I can appreciate the "give them an inch, they take a foot" and putting the kibosh on that and I love numbers/objectively defined things but what I can't understand is why the distance increased so drastically and why closes that were once "legal" under the 1" rule are now "short stroke". To clarify: why go with the CCS vs selling a 1" IM block?

Edited by jad
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What about this article: http://ironmind.com/...t_Ever_Was.html

Where Mr. Strossen states, and I quote: "it’s hard to argue that things have changed: the strong are still the strong, and all IronMind® has done has made it more difficult for the charlatans to dilute things."

So apparently the reason why the list is not sepparated is because the guys who certed before the CC rule were using a set, but it was not "too deep" by Mr. Strossen's standards. So when people attempted to certify with too deep of a set, the rule was invented. And since Richard Sorin re-certified many years later, it is a testament that everyone who certed before the CC rule (and before the KTA program came out), used only a modest set, therefore could probably have closed it with a CCS as well.

The concepts here are pretty simple:

1) follow the rules and you get certified (not the rules before or after, or even as they might have been)

The problem is you have drastically changed the rules and then make perjorative comments (eg WVS)

about closes that were within your rules at one point but now are somehow not real closes

2) rules change in response to situational demands (pre-tacky, for example, one wouldn't have to say tacky was prohibiited)

3) if Richard Sorin were the exception in terms of not using a deep set pre CCS on a CoC3 cert, KTA would never have had a market and the Gripboard would never have had its cause celebre

KTA was a one of kind program, provided for relatively little cost, promoted at the number one place for a very specialized audience. It's marketing mix alone all but guarantees success. Also, thanks to the GB you had a much larger audience for your grippers which means you'd have more people training on them and certing. Pulling the blob has become pretty common as well; is that because of some cheater move in Blob KTA or the fact that more people are actually hearing about it, learning how to train for it, and have the strength for when they finally get to try one.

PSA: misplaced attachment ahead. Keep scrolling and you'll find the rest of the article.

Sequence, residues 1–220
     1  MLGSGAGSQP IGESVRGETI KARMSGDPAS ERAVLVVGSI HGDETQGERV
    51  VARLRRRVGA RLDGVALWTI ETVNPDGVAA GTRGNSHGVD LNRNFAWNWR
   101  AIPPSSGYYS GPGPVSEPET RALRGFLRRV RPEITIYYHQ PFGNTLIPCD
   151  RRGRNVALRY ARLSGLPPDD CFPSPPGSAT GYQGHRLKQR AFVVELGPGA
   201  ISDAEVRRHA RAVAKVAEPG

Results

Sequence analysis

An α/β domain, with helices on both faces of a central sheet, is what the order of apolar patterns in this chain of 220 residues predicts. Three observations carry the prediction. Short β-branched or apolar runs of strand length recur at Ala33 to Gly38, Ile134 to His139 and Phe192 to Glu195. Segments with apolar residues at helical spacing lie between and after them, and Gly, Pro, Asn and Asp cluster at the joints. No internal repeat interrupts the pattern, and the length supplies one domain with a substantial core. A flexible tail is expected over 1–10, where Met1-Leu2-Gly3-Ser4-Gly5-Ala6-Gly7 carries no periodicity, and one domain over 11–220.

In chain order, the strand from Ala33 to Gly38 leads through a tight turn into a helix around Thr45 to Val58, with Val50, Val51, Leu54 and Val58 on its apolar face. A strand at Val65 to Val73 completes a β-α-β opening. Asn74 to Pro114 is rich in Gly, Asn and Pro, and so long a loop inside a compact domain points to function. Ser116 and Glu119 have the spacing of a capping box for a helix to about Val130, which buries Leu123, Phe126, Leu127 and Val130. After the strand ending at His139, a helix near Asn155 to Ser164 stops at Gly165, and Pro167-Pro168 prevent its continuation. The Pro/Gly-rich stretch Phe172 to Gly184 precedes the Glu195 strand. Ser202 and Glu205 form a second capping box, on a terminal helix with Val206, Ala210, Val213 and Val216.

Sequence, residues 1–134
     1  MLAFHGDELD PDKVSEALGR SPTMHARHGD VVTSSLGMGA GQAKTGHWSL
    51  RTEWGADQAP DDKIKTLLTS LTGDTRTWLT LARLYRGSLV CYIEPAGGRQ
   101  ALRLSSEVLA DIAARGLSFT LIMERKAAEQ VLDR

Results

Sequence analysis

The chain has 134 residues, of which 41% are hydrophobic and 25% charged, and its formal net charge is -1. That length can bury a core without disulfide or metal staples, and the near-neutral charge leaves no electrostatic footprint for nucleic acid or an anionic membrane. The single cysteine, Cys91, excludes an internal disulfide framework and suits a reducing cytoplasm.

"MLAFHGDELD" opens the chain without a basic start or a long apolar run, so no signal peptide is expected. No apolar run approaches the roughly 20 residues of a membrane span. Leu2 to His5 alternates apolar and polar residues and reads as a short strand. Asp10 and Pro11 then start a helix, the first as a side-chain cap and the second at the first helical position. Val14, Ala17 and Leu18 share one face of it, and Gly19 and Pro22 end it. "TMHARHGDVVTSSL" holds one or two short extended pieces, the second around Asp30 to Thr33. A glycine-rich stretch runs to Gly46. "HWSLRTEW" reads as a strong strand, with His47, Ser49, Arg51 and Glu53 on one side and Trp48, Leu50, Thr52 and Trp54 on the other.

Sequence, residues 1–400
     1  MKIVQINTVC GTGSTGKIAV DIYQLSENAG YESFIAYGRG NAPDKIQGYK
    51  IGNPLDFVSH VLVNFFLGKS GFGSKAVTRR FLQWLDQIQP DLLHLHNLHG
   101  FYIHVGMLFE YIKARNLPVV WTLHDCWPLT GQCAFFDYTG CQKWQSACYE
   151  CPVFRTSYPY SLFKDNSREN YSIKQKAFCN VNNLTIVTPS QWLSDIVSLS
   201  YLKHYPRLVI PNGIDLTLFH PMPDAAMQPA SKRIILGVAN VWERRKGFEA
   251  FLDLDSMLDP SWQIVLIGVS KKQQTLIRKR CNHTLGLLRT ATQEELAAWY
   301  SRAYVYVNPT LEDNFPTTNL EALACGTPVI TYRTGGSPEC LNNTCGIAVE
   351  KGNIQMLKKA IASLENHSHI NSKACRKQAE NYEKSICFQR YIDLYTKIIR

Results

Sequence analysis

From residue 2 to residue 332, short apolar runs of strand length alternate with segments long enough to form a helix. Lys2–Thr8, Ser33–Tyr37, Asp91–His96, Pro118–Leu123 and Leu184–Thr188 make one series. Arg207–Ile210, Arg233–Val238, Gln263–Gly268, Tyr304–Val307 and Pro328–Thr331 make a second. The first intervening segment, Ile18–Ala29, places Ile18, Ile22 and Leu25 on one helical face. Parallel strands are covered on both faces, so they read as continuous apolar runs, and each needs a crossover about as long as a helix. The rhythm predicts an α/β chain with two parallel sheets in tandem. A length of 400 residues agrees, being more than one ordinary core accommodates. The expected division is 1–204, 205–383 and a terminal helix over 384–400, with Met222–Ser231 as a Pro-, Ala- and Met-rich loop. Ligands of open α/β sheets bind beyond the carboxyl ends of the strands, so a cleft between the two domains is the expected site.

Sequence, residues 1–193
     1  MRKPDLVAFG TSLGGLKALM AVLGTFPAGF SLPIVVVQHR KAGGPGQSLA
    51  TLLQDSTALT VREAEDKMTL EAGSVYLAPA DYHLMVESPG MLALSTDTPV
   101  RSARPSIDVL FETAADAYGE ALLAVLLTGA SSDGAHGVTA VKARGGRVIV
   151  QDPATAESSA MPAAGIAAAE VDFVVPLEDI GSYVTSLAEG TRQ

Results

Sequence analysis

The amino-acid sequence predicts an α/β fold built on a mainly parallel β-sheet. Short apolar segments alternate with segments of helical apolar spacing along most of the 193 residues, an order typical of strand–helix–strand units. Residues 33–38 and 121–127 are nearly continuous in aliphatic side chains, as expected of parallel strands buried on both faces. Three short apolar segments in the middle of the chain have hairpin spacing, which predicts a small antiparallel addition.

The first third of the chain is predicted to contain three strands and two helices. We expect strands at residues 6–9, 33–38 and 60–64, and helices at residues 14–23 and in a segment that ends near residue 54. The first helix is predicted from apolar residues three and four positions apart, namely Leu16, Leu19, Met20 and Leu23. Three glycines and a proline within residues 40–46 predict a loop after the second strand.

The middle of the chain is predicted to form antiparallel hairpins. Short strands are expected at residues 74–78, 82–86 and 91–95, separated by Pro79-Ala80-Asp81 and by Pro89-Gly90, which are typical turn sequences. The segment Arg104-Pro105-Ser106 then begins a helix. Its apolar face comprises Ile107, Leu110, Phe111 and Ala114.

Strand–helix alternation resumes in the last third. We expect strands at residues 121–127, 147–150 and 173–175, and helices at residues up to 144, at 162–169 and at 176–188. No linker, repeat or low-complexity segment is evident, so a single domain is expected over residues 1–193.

By your way of thinking, we should have footnotes by each person's name—noting on which side they fell of each rule—but that seems a little excessive to me.

Looks like I still haven't learned how to pick up multiple quotes to use in one reply, but this is as good a place as any to start because if JAD read the short article about no second class citizens he would understand he's got the story backwards.

Absolutely true that KTA has a lot of good stuff in it and the deep set is only a part of the mix, but it's what really set things apart for guys who wanted to suddenly appear to be 0.5 gripper stronger than they really are (the Corlett Constant), if you accept the fact the deep set/parallel set/MM set or whatever you want to call it is a partial movement.

The traditional way to close a gripper is over what's essentially its full range of motion, not just a lockout at the end. You take offense at being told this obvious truth and would like to portray me as a villain for pointing it out to you, but this stuff is no different than squatting and can't really be debated: cut the depth and increase the weight.

Which you seem to forget when you make your WVC comments. The same set you're making fun of is what was likely used by all of the #4 certs except Kinney and while I personally believe Kinney's close; there's no lack of controversey surrounding that one as well. I'd be interested if Dave, Tommy, or Nathan claim to have used a wider than parallel set. The only #4 vid I've seen of Magnus is so clouded you can't even tell if he closed it with two and is holding it with one or has actually shut it with one but it wouldn't even pass our parallel set cert here on the board; not even close.

Is this the correct timeline then?

Beginning to 2003: no defined set distance but everyone pre-KTA was using a full range of motion which is anything 2.13" or greater